Release of Final report for the non-regulated analysis of existing policy for fresh mangosteen fruit from Indonesia
Non-regulated analysis of existing policy
Why was this non-regulated analysis of existing policy being undertaken?
Australia responded to a formal market access request for fresh mangosteen fruit from Indonesia, submitted in 2008.
Why was the risk assessment being done as a non-regulated analysis instead of an import risk analysis under the regulated process?
Import policy already exists for fresh mangosteen fruit from Thailand. Australia allows the import of fresh mangosteen fruit from Thailand subject to specific quarantine conditions.
A preliminary assessment of the pests and diseases of fresh mangosteen fruit from Indonesia did not identify any significantly different pests or disease types that were not assessed during the import risk analysis (IRA) for fresh mangosteen fruit from Thailand.
It was therefore concluded that the import of fresh mangosteen fruit from Indonesia would not pose significantly different quarantine risks, or require significantly different management measures than those that already exist for fresh mangosteen fruit from Thailand.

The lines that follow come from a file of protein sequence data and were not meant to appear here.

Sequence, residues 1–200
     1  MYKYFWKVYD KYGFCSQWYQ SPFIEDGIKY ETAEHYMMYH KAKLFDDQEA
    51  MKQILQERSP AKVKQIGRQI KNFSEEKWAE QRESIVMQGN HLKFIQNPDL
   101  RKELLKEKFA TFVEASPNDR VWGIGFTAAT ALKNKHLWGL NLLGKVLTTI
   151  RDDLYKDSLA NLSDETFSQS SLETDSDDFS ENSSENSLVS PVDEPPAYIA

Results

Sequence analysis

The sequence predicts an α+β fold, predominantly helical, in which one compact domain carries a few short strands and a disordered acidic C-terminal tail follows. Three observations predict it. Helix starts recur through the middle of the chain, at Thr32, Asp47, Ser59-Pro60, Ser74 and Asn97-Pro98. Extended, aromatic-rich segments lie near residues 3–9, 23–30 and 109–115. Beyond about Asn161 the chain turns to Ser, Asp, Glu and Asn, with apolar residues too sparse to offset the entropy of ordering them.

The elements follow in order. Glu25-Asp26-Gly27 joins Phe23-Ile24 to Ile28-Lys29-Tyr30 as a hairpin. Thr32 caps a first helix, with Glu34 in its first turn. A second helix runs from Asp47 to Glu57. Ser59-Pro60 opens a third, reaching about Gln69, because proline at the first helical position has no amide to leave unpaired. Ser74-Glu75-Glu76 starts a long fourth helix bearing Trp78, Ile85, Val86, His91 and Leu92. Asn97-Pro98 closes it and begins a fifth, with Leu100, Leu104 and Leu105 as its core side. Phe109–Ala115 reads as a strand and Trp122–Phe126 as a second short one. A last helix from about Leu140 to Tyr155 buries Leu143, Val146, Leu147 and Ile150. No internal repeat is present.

In view of this, the Department of Agriculture, Fisheries and Forestry (DAFF) Biosecurity determined that the market access request for Indonesian mangosteens would be conducted as a non-regulated analysis of existing policy rather than a regulated IRA.
What is a risk analysis?
A risk analysis identifies the pests and diseases relevant to an import proposal, assesses the risks posed by them and, if those risks are unacceptable, specifies what measures should be taken to reduce those risks to an acceptable level. These analyses are described in the Import Risk Analysis Handbook 2011, available on the DAFF website.
What are the key aspects of a non-regulated analysis of existing policy?
The non-regulated analysis has had the same level of scientific rigour and technical assessment as a regulated analysis.
Stakeholders have been formally consulted in the same way as with a regulated import risk analysis.
The draft report was circulated for a 60-day formal consultation period. All comments received were considered prior to the report being finalised.
What quarantine pests have been identified?